My friends are dropping like flies…
Every few months, another one sits us down and breaks the news. He or she is leaving New York. They got a new job, their partner got a job, they want to be closer to their parents, they’re sick of the cold winters, they want more space, the rent is just too high (basically this).
Each time our friend group gets a little smaller, I fantasize about moving myself. I love the buzz of New York and the life I’ve made here, but the older I get, being near my family in California sounds more and more appealing. My brother and his wife are planning a move from the Bay Area to a small mountain city that neither of them are from, but where homes are much more affordable. I’ve been making up scenarios in my head where we move down the street and our kids grow up roaming the neighborhood together.
This is unlikely, though, since my fiancé‘s job doesn’t exist on the west coast. If we do ever move, his work will probably take us abroad. Since I’m a writer who can essentially work from anywhere, that would make sense for us. And living in another country is an exciting prospect — it’s just unnerving to not yet know when and where it will be. Lots of people, in New York and otherwise, seem to be in similar states of flux over where they’ll “end up.”
Wherever you choose to settle will not only affect your day-to-day life, it can also change your personality. “Studies show that character traits, like anxiety and extroversion, vary from one state to another,” reports New York Magazine. “There’s not only a New York state of mind; there’s also a Montana mentality and an Idaho id.” I certainly was never one to swear as a taxi passed me by before New York City got to me, and my friends who’ve moved to Los Angeles have all become a little softer around the edges (and drink a whole lot more kombucha).
This can prove particularly daunting for those who don’t get to choose where they live. Bryan, a Russian literature professor with a penchant for city life, is constantly nervous that his next job will take him to the middle of nowhere. Currently, he works in a Western Massachusetts college town. It’s more rural than he’d prefer, but taking on the great search for the perfect farmhouse dining table has helped him embrace country life. “I’m worried, though, that when I finally find the right table, I’ll have to move somewhere where I can’t have a farm table,” he jokes. “Now, I’m just worrying in reverse.”
Another couple, Amy and Matt, are also professors — but one got a job in Ohio, the other in Baltimore (that’s 400 miles apart!). Amy lives with their two-year-old son in Ohio; Matt visits them on the weekends; and they go to Matt on school breaks. “We both love our jobs,” Amy explains. “But balancing our careers and our personal lives has been difficult. It’s hard being a solo parent during the week, and my husband misses our son. We plan to make some hard decisions in the next few years to either change careers or change schools so that we can live in the same place.”
For others, it’s not about deciding to leave, but deciding to stay. Allison moved seven times before her sophomore year in high school, but once her family landed in Michigan, she never left. She loves that multiple generations live close by and that her kids will have the same friends throughout their childhood. Still, she sometimes dreams about living abroad (or somewhere warmer). “That’s why we make travel a priority,” she says. “We haven’t done a ton since the kids are so little, but I have a ‘Leo and Eleanor teenage trips’ fund in my budgeting app just waiting for when they can tell us places they’re interested in that we can explore together.”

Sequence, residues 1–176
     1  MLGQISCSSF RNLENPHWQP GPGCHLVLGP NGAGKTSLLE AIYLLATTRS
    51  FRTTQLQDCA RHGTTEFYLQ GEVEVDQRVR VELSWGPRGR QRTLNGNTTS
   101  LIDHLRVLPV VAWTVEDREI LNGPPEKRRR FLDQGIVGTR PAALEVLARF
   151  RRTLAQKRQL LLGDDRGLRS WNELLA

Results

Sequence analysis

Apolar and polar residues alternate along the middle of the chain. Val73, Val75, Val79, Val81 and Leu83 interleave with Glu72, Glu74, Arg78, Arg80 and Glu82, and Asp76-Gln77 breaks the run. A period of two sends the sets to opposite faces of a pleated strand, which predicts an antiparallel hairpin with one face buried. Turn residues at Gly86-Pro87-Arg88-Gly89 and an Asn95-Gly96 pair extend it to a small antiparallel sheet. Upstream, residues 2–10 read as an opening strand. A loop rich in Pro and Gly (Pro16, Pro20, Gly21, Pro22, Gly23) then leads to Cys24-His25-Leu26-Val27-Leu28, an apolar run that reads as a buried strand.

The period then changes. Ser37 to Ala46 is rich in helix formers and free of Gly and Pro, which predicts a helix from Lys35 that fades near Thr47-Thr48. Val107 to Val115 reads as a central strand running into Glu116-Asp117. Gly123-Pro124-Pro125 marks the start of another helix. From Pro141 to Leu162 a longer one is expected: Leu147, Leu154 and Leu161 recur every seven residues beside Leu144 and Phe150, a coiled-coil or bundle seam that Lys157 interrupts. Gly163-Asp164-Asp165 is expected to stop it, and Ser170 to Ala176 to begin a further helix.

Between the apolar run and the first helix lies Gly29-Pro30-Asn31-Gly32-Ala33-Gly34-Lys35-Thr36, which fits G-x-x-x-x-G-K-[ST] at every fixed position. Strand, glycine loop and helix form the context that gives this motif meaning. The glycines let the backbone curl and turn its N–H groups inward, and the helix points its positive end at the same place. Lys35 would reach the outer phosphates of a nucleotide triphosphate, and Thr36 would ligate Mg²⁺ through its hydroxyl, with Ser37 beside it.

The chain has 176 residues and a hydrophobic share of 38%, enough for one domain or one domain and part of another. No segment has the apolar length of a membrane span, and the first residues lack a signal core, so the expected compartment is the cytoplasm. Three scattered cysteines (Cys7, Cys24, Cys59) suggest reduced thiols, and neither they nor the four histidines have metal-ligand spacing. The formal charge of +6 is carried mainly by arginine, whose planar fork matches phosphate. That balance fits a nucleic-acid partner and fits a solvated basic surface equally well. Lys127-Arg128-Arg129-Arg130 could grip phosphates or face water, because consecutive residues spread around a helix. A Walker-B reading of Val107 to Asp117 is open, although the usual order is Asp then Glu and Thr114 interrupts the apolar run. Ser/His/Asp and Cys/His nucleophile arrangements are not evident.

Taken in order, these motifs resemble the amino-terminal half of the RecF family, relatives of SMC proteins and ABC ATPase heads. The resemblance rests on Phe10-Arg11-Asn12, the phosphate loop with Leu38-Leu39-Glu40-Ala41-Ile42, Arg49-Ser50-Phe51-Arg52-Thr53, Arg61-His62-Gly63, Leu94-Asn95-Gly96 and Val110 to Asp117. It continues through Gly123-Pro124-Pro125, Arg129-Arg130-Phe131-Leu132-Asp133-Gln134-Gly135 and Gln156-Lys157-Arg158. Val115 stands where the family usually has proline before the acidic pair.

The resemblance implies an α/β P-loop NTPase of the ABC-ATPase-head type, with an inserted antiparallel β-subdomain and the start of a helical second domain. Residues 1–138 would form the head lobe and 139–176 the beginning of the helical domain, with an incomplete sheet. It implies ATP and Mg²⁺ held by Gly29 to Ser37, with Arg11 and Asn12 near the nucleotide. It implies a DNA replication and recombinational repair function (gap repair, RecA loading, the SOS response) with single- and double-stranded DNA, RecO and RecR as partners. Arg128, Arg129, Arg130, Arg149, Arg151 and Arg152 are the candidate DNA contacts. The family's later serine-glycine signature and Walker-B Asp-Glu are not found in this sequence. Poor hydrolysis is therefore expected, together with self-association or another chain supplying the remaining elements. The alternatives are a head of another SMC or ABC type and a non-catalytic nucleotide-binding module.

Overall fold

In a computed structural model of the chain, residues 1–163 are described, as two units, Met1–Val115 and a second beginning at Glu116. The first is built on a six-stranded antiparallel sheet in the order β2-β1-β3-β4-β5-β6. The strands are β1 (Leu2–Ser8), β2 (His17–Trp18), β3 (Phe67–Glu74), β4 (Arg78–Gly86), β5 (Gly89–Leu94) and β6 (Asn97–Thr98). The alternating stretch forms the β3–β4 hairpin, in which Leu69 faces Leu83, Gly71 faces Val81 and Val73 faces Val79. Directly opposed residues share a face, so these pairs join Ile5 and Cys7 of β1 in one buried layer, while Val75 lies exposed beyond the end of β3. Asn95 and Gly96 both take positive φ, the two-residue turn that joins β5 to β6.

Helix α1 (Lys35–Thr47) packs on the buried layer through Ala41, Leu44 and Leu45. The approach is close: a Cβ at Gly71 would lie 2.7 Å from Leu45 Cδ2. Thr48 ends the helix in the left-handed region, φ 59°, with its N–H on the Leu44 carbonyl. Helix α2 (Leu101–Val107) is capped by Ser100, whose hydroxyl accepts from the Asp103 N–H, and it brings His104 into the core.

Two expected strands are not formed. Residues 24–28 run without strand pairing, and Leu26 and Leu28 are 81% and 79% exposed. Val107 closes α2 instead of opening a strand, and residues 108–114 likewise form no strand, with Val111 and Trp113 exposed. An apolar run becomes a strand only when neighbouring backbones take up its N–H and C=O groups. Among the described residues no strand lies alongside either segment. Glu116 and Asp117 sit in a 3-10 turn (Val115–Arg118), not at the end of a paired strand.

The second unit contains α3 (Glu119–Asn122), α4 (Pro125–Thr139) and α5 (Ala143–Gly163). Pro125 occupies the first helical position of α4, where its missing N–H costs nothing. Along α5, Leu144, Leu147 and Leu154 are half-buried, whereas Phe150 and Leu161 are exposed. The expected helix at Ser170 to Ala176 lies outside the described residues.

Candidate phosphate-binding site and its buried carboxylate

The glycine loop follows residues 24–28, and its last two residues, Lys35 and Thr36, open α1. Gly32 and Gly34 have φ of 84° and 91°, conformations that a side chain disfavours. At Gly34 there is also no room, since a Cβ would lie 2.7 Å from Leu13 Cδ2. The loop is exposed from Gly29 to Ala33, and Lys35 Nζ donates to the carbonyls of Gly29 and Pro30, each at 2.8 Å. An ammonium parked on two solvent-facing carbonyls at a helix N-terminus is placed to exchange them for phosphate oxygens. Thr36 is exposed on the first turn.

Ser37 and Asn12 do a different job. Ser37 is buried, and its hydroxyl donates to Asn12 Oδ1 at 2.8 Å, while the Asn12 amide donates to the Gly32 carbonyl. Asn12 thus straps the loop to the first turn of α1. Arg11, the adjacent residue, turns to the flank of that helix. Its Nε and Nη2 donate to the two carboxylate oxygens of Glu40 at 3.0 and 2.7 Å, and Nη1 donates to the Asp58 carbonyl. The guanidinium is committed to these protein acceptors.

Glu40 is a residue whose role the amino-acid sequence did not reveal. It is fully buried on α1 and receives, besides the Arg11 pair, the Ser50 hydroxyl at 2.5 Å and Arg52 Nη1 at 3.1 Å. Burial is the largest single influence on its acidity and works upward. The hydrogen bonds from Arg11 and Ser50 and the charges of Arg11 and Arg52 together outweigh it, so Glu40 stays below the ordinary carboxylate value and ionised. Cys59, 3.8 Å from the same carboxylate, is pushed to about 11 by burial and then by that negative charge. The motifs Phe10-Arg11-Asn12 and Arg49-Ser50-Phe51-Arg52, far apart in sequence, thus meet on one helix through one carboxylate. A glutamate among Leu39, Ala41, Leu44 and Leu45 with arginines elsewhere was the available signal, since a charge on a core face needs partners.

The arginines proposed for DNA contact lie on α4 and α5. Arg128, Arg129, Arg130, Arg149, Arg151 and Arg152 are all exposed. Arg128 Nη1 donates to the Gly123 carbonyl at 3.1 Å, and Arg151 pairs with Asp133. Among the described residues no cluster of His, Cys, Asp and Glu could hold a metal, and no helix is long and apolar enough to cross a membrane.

Now imagine this: What if you could just look at a map and pick a place to live? Rob and Sharon — who have three kids — are outgrowing their small Manhattan apartment. (“Right now, the five of us share one bathroom,” Rob says. “We see each other naked all the time. If someone gets the flu, it’s over.”) Since he and his wife can both work remotely, they’re scouting a new city in the United States for their family. Top of the list so far: Portland and Austin. Factors are good public schools and affordability, and Sharon looks up every neighborhoods’ walk score, needing it to be 90% or higher. The kids’ wish list items are more personal: “Owen wants a dog, Oscar wants a basketball hoop and Ella wants a swimming pool,” says Rob. “We can’t tick everyone’s boxes, but we’ll try to get a few!”
All these factors are meant to contribute to our individual happiness, of course. But according to The New York Times, the general happiness of a city is not usually something people consider. If this sounds confusing (how do you compute a city’s happiness?), I feel you. Turns out, each year a Well-Being Index rates U.S. cities on the residents’ feelings of purpose and community, social and financial stability and physical health. Salinas, California, and Naples, Florida, are currently the happiest places to live in the U.S. New York City doesn’t even scratch the top 100, yet it still has such an allure.
Or does it? This weekend, I’m throwing a baby shower for another departing friend — she’ll be leaving the city for her hometown after the little guy is born. I feel the usual mix of sadness (I’ll miss you!), shock (how could you leave this amazing place!) and jealousy (I want to leave this amazing place!) about her decision. Or, maybe, I’m just jealous that she has decided. I don’t know where I’ll end up, but I’m pretty certain I’ll talk about it yet again with my fiancé over dinner tonight.
Where do you live? I’d love to know how you ended up there. Are you in your hometown, where you went to college or a totally new place? Did your job dictate your location? Did you move for love? Do you think you’ll move again? Do you like it there? It’s so fun to think about these questions — do tell!
(Photos by Lena Corwin/Instagram.)